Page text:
'Facing' Vietnam

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A lot has been written and said about foreigners complaining in Vietnam, however hardly anything has been released regarding why foreigners do so (are we really so unhappy?) and why Vietnamese hardly ever complain (is this really true?).

The main reason Vietnamese do not complain, or at least the reason they do not complain as much and as openly as we foreigners do and I do complain a lot (or so my girlfriend Thoa says!) is related to not losing face, which in Vietnamese culture is a top priority. And this includes not making others lose face either. And that is what it happens when we complain: we are communicating that we are not happy as a result of someone else doing something or failing to do so, hence we make him or her lose face.

Another reason Vietnamese complain less is related to the different standards they are used to: let's not forget that just a few years ago Vietnam was amongst the poorest countries in the world. However over the last 10-15 years a lot has been done, and conditions here have improved a lot.

However the inflow of education and standards has not moved as fast as the flow money and rent. In other words, many Vietnamese do not complain about better service and standards because they have never or hardly ever experienced higher standards, so they are not expected. However, for example, my girlfriend has now experienced different service levels and she now complains more and more when the service is substandard, and I am sure she will complain for having mentioned her here... losing face again.

I have many examples of poor service in Vietnam, far too many to mention, and most come out of the hospitality sector, which funnily enough, should be leading by example in delivering toptier customer service. Hardly a week goes that I don't go to a restaurant or bar, order a beer and the waiter or waitress brings it on his or her own time, and leaves it on the table and goes away without opening it, and I am left wanting to drink my beer but without a bottle opener. Here is where you can observe one of the biggest reasons for poor customer service: lack of training.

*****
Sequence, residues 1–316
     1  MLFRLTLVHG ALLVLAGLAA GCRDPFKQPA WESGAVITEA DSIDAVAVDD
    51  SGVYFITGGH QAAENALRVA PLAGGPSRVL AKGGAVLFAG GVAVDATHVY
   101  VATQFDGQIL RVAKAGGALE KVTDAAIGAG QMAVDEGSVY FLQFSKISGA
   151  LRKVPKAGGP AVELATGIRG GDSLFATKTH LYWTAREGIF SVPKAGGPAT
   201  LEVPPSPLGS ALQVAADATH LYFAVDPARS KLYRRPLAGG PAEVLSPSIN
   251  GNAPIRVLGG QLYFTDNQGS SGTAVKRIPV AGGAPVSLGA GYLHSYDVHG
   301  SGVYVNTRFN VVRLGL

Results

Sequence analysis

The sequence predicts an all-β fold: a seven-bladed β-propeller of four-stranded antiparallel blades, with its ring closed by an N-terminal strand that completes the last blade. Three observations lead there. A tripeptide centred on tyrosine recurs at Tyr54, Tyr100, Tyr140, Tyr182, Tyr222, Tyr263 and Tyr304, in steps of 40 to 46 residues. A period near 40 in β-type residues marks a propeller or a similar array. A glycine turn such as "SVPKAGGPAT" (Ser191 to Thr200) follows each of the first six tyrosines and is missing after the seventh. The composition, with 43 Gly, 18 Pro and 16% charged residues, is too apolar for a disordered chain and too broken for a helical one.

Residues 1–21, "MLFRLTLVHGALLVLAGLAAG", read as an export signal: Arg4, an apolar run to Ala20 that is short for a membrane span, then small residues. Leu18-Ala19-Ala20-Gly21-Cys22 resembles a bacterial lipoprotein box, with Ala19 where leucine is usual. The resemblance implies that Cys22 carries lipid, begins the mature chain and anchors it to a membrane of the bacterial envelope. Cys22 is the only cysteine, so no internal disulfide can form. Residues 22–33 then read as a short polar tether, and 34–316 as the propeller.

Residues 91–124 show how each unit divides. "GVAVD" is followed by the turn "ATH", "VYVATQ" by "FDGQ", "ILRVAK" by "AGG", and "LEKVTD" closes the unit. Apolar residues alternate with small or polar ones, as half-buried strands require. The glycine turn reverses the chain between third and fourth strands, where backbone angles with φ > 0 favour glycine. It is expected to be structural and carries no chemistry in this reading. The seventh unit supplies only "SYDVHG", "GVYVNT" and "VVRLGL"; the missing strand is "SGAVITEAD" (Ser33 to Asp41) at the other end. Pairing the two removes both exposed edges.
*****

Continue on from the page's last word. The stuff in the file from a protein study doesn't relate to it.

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I used to run a hospitality consultancy in London, advising restaurants on how to make more money. One of the key areas of improvement I found in most businesses was in training the staff to provide better customer service. Every time the eateries followed my advice and let me train their staff, customers were much more satisfied, came more often to eat, brought and recommended many more customers, and tended to spend more in food and drinks (plus give much better tips!), resulting in the restaurant making much more money.

When I moved to Vietnam I was considering (still I am, a bit) providing the same services to the hospitality sector here, which is in even bigger need of them. But something tells me that with the exception of some major hotels, I would struggle to convince the businesses that employing my services would help them make money. And the key reason for this is that most businesses in Vietnam are still operating for short-term gains: "let's try to get as much as we can from customers today, let's worry tomorrow about tomorrow." The (negative) results of such a business strategy are obvious.

This week while preparing a lecture on Operations Management I went through the different phases in operations management evolution, and I clearly saw that most Vietnamese companies are still in the "production phase," which in the West ended in the 80s, giving way to the quality phase, followed by globalization and mass customization. We are far from reaching these phases in Vietnam.

However, those companies that care about having long-term customers and delivering good customer service are making huge profits. I am not crazy about pizza, but I have now become a very regular customer at a pizza restaurant not only because of their food (which is quite good), but especially because of their service. I go there now once or twice a week, plus I keep recommending it to more and more people.

Why do we foreigners complain? It is simple: the opposite reasons that Vietnamese do not. Losing face is not so important for us (especially if others are the ones losing face), and we are used to higher service standards. In other words, we want to receive what we pay for, or what we think we are paying for!

By Alfredo De La Casa
The writer is a British finance lecturer who lives and works in Ho Chi Minh City

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